children's and women's health care, neuromedicine and musculoskeletal and
cardiovascular services. The goal is to coalesce the diverse components of each of

these services into integrated facilities so that form follows function to optimize the
quality and safety of patient care.

The overarching strategic goal for education as defined by the Strategic Planning
Cabinet is to establish the University of Florida as a national model of interdisciplinary
education in the health science professions. We have a nationally unique opportunity to
accomplish this goal, which will require a coordinated effort among all six HSC colleges.
Significant revisions in the curricula of many of our colleges will be necessary. The need
for such curricular change dovetails well with the planned recruitment of key leaders in
education. We can also take advantage of our national leadership in simulation to
create innovative educational programs that extend across the educational continuum,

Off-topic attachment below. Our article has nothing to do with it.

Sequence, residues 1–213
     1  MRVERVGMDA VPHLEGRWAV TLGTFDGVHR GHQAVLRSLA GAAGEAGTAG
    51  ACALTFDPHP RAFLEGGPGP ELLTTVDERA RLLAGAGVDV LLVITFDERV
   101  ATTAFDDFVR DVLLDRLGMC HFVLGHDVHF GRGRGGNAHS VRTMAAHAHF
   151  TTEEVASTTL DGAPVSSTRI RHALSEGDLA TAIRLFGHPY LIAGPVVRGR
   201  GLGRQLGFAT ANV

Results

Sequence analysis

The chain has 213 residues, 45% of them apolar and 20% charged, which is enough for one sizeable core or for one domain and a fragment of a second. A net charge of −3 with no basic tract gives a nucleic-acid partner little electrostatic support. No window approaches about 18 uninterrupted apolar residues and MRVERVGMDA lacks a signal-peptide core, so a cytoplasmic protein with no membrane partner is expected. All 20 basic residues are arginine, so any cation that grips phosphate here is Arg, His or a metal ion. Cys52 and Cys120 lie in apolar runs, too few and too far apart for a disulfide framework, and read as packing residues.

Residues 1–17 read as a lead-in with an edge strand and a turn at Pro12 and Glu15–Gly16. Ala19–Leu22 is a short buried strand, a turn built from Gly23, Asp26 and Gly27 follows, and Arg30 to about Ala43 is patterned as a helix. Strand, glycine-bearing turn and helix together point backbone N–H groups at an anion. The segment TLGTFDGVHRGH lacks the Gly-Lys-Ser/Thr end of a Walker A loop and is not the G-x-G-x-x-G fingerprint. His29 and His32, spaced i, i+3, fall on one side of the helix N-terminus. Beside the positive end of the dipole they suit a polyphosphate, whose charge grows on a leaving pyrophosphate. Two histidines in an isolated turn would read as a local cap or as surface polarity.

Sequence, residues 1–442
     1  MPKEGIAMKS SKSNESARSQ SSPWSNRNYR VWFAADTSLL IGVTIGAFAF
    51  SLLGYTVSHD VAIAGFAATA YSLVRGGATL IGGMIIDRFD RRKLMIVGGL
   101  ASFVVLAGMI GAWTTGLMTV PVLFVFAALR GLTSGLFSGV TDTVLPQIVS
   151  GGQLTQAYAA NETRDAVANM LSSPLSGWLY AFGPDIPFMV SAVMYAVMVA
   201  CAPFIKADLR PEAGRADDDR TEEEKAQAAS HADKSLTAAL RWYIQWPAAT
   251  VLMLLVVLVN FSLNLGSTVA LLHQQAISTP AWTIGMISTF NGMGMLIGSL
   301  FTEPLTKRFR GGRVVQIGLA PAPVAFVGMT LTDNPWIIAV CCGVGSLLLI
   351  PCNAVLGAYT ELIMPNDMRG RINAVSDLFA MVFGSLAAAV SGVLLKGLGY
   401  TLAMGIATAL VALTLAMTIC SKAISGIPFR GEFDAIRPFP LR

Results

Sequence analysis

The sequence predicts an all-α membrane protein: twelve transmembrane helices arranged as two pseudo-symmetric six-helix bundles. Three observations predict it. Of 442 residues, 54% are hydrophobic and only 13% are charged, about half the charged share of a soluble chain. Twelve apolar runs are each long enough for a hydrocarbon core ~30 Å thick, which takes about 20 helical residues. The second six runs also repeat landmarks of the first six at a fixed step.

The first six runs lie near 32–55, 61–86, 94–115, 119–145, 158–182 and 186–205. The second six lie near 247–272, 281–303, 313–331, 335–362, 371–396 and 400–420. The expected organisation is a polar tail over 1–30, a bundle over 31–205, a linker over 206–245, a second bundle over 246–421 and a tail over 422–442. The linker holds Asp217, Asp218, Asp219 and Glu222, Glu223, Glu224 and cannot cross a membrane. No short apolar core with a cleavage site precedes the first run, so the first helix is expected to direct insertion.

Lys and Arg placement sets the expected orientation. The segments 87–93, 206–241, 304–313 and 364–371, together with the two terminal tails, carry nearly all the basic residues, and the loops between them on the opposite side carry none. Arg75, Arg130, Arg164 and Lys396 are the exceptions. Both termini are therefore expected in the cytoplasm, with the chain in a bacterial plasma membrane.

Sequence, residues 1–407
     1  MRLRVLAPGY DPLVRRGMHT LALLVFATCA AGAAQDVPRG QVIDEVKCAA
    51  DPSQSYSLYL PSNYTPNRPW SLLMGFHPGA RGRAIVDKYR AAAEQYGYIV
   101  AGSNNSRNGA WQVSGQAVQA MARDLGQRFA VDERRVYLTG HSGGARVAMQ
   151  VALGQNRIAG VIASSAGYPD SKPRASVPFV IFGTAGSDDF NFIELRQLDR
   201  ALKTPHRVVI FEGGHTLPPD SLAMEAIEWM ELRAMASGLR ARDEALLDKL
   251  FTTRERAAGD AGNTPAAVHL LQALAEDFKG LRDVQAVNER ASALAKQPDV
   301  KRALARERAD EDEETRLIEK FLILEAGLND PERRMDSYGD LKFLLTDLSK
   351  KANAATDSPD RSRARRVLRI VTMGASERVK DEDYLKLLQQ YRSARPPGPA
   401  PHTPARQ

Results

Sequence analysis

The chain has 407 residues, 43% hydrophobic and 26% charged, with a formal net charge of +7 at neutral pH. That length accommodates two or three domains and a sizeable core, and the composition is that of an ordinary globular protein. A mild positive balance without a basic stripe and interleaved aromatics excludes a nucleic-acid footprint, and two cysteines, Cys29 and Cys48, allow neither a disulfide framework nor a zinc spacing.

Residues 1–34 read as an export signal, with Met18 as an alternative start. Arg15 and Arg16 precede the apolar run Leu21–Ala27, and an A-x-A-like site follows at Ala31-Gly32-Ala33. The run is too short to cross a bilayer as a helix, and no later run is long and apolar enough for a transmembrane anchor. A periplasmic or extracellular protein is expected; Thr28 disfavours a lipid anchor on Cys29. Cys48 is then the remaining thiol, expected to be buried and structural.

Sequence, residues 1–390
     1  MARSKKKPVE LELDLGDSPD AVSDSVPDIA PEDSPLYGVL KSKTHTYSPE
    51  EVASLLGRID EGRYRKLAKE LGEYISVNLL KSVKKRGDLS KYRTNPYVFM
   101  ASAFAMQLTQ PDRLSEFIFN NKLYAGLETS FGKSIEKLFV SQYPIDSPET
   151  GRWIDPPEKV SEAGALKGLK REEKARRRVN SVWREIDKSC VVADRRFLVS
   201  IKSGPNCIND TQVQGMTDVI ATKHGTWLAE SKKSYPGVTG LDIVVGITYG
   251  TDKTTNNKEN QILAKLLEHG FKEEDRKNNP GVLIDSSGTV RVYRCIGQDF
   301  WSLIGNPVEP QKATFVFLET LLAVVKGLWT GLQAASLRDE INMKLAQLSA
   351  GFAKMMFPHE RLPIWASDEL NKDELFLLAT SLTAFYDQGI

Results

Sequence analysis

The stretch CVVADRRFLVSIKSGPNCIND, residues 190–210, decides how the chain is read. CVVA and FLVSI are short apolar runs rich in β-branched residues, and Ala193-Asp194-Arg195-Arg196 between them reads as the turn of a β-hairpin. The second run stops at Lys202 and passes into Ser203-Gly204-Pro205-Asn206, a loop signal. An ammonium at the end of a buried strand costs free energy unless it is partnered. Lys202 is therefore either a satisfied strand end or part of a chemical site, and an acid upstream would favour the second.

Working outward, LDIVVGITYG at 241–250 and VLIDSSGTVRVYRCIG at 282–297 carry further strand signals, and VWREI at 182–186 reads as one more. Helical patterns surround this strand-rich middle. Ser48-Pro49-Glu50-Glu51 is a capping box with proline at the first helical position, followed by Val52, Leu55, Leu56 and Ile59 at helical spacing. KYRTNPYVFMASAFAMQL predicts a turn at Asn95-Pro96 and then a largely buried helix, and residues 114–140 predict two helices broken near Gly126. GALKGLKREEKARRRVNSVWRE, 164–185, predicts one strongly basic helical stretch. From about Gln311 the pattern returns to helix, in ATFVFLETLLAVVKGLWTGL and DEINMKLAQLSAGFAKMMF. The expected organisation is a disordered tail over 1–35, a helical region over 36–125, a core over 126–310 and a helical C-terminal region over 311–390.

from undergraduate education programs in each of our colleges, to graduate training
programs in diverse clinical specialties, to postgraduate education for practicing

As in clinical care, to accomplish our goals in education we must integrate form and
function. The Strategic Planning Cabinet has endorsed the need for a new building.
Fundraising for such a building will be the primary objective for our development office
in the area of education, along with student scholarships.

Patient care is a core responsibility for our region, and serves as an economic engine
for the missions of our academic health center. Our education mission is forward
looking, training future clinicians and scientists, primarily from Florida but with a wide
reach nationally and internationally. Our reputation as an academic health center,
however, depends primarily on recognition for our research. To achieve our goal to be a
truly distinguished academic health center, we must be recognized for the excellence of
our research. Sometimes, as in NIH and US News & World Report rankings, research
volume (i.e., total research dollars) is substituted for excellence. Indeed, total NIH
funding is often used as a proxy for research excellence, even though other federal